READING BOOT ERROR MESSAGESWhen a machine's broken badly enough that it can't boot, it often reboots itself immediately. This can lead to difficulty when trying to diagnose the problem. We suggest using a serial console with some sort of scrollback buffer to preserve the messages on another computer. This also makes it easy to log output, for example by using GNU screen.If you refuse to use serial consoles, or if you wish to otherwise do something before the box reboots, you can append noreboot to both the Xen and Linux kernel lines in GRUB. (If you miss either, it'll reboot. It's finicky that way.) Many of the Xen-specific problems we've encountered at boot have to do with kernel/hypervisor mismatches. The Xen kernel must match the dom0 kernel in terms of PAE support, and if the hypervisor is 64 bit, the dom0 must be 64 bit or i386-PAE. Of course, if the hypervisor is 32 bit, so must be the dom0.

You can run an i386-PAE dom0 with an x86_64 hypervisor and x86_64 domUs, but only on recent Xen kernels (in fact, this is what some versions of the Citrix Xen product do). In no case can you mismatch the PAE-ness. Modern versions of Xen don't even include the compile-time option to run in i386 non-PAE mode, causing all sorts of problems if you want to run older operating systems, such as NetBSD 4.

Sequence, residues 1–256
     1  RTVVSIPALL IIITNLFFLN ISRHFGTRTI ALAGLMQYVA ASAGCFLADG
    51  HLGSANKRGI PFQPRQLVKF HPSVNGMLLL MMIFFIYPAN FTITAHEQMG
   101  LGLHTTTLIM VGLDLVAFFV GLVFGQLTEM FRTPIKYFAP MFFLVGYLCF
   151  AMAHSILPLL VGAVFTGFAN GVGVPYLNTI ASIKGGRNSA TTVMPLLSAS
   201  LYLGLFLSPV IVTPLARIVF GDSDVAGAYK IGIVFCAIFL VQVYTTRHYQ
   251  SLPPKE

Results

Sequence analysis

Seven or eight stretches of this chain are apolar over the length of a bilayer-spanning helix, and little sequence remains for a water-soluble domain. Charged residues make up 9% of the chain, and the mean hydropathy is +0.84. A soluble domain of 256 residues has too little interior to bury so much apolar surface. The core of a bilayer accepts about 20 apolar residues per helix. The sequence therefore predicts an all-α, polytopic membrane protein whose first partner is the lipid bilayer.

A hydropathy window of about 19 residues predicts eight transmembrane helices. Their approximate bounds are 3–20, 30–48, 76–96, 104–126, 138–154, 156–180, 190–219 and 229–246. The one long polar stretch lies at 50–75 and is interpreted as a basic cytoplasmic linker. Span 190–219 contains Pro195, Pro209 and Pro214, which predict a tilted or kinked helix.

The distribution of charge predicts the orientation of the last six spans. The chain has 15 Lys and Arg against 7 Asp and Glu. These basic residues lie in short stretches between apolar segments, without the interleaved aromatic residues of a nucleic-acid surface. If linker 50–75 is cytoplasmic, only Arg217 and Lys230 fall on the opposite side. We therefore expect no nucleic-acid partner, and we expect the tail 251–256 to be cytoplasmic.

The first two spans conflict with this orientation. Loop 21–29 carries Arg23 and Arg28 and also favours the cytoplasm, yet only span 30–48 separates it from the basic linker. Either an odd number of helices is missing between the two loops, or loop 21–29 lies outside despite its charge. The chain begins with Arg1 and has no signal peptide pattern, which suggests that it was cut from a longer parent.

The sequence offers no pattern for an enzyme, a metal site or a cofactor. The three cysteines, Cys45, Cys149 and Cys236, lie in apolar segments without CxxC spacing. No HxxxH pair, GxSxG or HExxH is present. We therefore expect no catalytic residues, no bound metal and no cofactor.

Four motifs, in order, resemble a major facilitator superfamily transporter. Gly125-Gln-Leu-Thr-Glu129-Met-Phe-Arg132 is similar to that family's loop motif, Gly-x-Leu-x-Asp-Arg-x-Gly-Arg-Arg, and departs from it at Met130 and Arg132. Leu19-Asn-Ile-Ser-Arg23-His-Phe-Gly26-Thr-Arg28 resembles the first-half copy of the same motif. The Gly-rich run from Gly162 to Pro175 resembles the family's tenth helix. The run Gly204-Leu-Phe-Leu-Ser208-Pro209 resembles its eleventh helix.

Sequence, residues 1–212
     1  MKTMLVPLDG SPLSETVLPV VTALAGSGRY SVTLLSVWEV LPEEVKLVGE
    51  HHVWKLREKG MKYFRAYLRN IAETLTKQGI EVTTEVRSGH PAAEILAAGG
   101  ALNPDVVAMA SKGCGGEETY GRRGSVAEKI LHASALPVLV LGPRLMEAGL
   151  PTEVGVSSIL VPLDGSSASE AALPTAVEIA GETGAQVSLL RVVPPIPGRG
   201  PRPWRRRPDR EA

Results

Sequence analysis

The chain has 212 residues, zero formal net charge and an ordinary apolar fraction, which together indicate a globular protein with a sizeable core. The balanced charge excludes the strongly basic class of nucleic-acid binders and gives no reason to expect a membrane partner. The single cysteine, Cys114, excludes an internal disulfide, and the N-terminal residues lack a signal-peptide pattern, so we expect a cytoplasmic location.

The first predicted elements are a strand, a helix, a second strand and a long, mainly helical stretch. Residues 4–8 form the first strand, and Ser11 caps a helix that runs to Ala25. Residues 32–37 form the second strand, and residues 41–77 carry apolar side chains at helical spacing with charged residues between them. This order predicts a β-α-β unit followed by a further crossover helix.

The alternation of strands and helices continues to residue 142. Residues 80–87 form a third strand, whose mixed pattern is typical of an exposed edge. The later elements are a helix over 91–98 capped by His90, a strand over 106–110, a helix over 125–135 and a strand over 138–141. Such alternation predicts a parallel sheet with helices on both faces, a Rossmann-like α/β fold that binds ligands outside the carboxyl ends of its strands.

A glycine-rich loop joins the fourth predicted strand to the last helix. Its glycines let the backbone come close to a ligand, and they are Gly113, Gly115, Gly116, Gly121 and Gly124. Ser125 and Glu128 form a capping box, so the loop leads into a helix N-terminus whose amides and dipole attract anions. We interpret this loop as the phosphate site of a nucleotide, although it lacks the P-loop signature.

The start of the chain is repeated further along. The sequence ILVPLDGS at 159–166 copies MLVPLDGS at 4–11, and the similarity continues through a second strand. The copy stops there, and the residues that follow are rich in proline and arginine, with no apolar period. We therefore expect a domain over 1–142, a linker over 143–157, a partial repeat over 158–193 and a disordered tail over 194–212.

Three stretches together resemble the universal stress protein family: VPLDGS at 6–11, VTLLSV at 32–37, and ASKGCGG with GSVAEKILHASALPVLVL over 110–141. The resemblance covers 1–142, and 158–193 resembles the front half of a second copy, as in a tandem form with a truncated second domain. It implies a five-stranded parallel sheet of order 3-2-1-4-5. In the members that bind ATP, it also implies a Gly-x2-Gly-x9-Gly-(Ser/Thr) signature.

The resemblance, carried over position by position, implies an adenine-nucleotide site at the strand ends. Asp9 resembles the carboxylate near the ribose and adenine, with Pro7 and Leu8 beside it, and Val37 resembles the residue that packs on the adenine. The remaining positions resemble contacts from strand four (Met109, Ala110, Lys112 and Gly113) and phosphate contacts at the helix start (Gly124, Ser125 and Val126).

Of course, many of the problems that we've had at boot aren't especially Xen-specific; for example, the machine may not boot properly if the initrd isn't correctly matched to the kernel. This often causes people trouble when moving to the Xen.org kernel because it puts the drivers for the root device into an initrd, rather than into the kernel.

If your distro expects an initrd, you probably want to use your distro's initrd creation script after installing the Xen.org kernel. With CentOS, after installing the Xen.org kernel, make sure that /etc/modprobe.conf /etc/modprobe.conf correctly describes your root device (with an entry like correctly describes your root device (with an entry like alias scsi_hostadapter sata_nv alias scsi_hostadapter sata_nv), then run something like: #mkinitrd/boot/initrd-2.6.18.8-xen.img2.6.18.8-xen Replace /boot/initrd-2.6.18.8-xen.img /boot/initrd-2.6.18.8-xen.img with the desired filename of your new initrd, and replace with the desired filename of your new initrd, and replace 2.6.18.8-xen 2.6.18.8-xen with the output of with the output of uname -r uname -r for the kernel that you're building the initrd for. (Other options, such as for the kernel that you're building the initrd for. (Other options, such as --preload --preload, may also come in handy. Refer to the distro manual for more information.) Assuming you've booted successfully, there are a variety of informative error messages that Xen can give you. Usually these are in response to an attempt to do something, like starting xend xend or creating a domain. or creating a domain.